I continue to be puzzled as to why this car doesn't sell better. I suspect the answer has more to do with internal Ford politicking (an age-old problem at that company) than with the car's merits.
The family-friendly package - with genuinely usable third row seats - is just about perfect. At the same time, this isn't some bloated, high-riding off-roader that's a pain to climb into and out of and that can't be maneuvered in the supermarket parking lot without help from a phalanx of cameras and beeping proximity sensors.
The styling isn't bad, either, although you shouldn't have to buy the most expensive model to get your car painted all one color (rather than having gray along the bottom). The interior could be more refined - one hopes that the Flex will be better in this regard. I find the seating position weirdly high; I understand Ford is trying to provide that "commanding" driving position people used to bang on about, but it would be nice to at least have the option of lowering the power seat.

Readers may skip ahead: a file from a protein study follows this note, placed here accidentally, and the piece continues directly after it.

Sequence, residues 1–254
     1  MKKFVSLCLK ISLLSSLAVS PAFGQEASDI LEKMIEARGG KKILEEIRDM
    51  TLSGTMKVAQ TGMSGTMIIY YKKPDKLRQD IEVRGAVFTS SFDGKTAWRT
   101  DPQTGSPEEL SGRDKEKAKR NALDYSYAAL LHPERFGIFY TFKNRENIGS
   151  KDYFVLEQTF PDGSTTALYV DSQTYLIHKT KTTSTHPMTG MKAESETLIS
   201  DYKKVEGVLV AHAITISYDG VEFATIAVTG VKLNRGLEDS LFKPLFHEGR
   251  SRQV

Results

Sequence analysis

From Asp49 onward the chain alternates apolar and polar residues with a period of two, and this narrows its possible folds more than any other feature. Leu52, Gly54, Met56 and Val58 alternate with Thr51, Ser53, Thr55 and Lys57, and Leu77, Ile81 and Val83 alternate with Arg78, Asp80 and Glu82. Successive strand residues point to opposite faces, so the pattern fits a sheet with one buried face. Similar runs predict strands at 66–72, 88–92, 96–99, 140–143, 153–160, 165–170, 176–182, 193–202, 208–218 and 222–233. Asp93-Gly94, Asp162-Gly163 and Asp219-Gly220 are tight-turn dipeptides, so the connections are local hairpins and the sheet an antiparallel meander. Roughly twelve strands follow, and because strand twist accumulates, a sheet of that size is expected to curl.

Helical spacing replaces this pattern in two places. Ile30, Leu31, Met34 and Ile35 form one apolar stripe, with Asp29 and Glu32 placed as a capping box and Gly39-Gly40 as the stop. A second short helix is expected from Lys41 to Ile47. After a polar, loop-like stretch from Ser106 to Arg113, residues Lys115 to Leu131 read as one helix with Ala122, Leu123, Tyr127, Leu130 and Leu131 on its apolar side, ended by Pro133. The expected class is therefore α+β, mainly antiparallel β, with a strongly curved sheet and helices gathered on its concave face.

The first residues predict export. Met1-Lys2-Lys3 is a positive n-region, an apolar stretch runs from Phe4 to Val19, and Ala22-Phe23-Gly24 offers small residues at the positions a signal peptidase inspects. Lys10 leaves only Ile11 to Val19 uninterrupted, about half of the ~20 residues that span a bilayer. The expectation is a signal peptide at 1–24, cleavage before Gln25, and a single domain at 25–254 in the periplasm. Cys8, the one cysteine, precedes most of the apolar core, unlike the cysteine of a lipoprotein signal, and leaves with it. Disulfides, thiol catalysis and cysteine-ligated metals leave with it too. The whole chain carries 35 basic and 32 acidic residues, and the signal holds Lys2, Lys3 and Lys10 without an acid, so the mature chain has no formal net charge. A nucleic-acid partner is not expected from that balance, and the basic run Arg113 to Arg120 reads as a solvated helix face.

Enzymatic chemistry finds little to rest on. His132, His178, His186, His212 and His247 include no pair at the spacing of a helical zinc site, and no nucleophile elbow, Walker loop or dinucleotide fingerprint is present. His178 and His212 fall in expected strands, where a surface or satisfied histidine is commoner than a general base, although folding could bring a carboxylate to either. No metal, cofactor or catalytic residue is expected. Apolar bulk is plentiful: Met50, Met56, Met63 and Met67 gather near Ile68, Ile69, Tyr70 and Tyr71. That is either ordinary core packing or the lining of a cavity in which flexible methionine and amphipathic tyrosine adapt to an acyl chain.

Except for those who need to tow a heavy trailer, nearly every Ford Explorer owner - and quite a few Expedition drivers as well - would be well served by switching to a Taurus X (although it would be nice if, in so doing, they could enjoy a more substantial bump up in gas mileage). This vehicle should have been the Explorer replacement, but at the time Ford was clinging to the notion that Explorer buyers needed a body-on-frame vehicle. Now the company is finally working on a unit-body replacement for the Explorer, and the Flex will soon supplant the Taurus X.
-Joe Lorio, Senior Editor